that if you slice it immediately, the very hot moisture in the bread will condense onto the bread's newly cut & cooling end and make it a bit gummy.  Also, all the remaining moisture will rush out into the cool air, leaving the bread drier.  If you can stand to wait, 30 minutes or so would be good.  Or not.  Sometimes it's worth a bit of dampness to eat your first bite of hot-out-of-the-oven bread!

Nutritional Info for 1/4 of the small loaf
Remember that this in an E bread.  If you're having NO OTHER FAT anywhere in your
meal/snack, you can have almost 1 teaspoon butter.  The nutritional info on the right is for 1/4 of the entire loaf!!  You can see that you're only eating 1.3g of fat (E limit = 5g) and 26 carbs (E limit = 45).  You can have a bit of additional fat (a smear of butter or elsewhere in your meal) and a lot more carbs to complete your E meal.  Also, you're starting out with a nice 4.8g of protein.  Not quite enough for an entire meal, so be sure to add some more!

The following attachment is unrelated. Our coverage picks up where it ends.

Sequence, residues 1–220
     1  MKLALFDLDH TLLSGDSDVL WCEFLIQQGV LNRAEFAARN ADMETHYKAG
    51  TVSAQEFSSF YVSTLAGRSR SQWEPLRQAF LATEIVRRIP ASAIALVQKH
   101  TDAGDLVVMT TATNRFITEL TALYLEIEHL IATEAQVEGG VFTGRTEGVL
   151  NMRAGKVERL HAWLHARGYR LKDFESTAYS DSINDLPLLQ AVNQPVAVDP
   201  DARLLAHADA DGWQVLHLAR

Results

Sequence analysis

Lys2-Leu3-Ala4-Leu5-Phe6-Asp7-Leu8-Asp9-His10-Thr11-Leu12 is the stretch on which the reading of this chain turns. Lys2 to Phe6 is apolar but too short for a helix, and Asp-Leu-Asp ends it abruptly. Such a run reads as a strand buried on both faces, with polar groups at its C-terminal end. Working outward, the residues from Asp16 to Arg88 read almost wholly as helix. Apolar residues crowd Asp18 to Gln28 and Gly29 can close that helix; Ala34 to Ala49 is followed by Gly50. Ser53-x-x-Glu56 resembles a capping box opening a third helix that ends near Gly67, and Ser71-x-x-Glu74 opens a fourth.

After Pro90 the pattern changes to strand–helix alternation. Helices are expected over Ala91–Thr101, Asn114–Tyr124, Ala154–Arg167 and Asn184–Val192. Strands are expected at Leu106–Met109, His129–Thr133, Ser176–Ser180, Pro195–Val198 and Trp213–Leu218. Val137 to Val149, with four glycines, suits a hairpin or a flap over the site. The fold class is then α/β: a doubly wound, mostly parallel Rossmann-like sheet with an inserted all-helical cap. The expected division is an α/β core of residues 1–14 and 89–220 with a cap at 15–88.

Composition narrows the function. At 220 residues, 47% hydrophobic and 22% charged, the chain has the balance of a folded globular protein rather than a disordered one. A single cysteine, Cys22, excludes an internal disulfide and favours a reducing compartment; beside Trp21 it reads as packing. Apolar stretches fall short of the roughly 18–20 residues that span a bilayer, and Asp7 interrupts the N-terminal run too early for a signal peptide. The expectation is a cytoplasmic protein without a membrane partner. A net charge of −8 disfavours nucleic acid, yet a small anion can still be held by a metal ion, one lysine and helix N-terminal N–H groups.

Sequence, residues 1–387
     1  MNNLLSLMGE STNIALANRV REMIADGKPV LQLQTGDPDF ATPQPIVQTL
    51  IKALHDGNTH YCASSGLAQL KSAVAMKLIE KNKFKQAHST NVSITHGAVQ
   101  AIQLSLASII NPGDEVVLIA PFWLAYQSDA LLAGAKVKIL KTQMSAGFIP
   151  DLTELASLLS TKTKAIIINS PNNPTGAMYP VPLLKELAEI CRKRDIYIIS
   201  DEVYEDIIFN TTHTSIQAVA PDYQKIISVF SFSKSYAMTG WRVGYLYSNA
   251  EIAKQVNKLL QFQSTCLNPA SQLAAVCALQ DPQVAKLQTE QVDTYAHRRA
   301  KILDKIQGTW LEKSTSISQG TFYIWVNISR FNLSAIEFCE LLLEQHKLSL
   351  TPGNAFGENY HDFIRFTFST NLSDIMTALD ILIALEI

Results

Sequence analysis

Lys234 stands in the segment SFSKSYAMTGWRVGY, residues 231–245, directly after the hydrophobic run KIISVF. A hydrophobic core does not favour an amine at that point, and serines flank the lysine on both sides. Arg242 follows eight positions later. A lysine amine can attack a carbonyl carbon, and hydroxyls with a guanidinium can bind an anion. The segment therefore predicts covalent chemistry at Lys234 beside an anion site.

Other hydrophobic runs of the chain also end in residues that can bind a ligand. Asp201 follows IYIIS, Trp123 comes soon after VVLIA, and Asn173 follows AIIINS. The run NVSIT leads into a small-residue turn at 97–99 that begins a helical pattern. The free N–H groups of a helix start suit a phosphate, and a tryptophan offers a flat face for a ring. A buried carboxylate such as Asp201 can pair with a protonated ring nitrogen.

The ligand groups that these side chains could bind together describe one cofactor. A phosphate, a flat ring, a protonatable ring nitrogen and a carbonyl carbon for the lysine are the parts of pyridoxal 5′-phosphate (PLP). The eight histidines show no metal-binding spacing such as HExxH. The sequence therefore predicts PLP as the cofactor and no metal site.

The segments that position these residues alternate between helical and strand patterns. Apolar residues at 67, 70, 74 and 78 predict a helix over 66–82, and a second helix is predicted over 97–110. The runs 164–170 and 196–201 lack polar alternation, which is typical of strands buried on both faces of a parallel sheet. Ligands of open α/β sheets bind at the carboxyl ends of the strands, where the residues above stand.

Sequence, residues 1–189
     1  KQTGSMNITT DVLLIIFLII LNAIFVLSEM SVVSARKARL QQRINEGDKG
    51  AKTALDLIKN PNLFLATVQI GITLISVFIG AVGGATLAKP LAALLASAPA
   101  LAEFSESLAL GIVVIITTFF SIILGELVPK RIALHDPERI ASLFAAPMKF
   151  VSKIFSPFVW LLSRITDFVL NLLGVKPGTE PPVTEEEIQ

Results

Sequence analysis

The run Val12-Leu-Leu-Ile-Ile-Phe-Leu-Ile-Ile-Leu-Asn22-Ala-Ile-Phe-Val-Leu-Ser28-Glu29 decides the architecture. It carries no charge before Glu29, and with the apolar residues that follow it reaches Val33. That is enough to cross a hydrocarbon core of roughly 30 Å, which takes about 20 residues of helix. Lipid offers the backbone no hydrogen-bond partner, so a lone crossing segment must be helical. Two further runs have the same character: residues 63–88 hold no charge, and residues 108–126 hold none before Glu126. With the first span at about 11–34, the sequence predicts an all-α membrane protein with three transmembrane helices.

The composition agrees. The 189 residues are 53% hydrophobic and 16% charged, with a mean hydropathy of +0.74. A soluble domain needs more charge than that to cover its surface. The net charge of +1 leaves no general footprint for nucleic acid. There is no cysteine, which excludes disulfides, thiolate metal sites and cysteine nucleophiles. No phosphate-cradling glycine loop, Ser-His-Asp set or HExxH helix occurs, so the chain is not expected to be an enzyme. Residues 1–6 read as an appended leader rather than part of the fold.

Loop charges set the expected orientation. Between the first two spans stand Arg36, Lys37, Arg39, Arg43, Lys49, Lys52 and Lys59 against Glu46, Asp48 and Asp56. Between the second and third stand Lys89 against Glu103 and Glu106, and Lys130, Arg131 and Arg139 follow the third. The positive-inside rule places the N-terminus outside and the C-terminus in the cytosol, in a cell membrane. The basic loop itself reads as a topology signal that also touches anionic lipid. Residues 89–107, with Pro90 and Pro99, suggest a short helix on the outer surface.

Since I'm still partial to fluffy store-bought bread, I'm not the biggest fan of this bread as a sandwich.  Even when I made enriched 50/50 bread, I still never liked 2 slices in one bite - just too much bread to chew!  My favorite ways to eat this bread are:
  • toasted (or not) with Peanut Butter Junkie (and banana!)
  • toasted with a Laughing Cow Light wedge (1 wedge will thickly cover 2-3 pieces of bread)
  • toasted (or not) with light mayo, mustard & lunch meat - like a sandwich but with only a bottom piece of bread
  • toasted with no toppings, dipped in E soup
As you can see, this bread is nice toasted.  Toasting crisps up the crust and also lightens the interior of the bread very nicely.

Please check out all the pages related to making THM:E Sourdough Bread!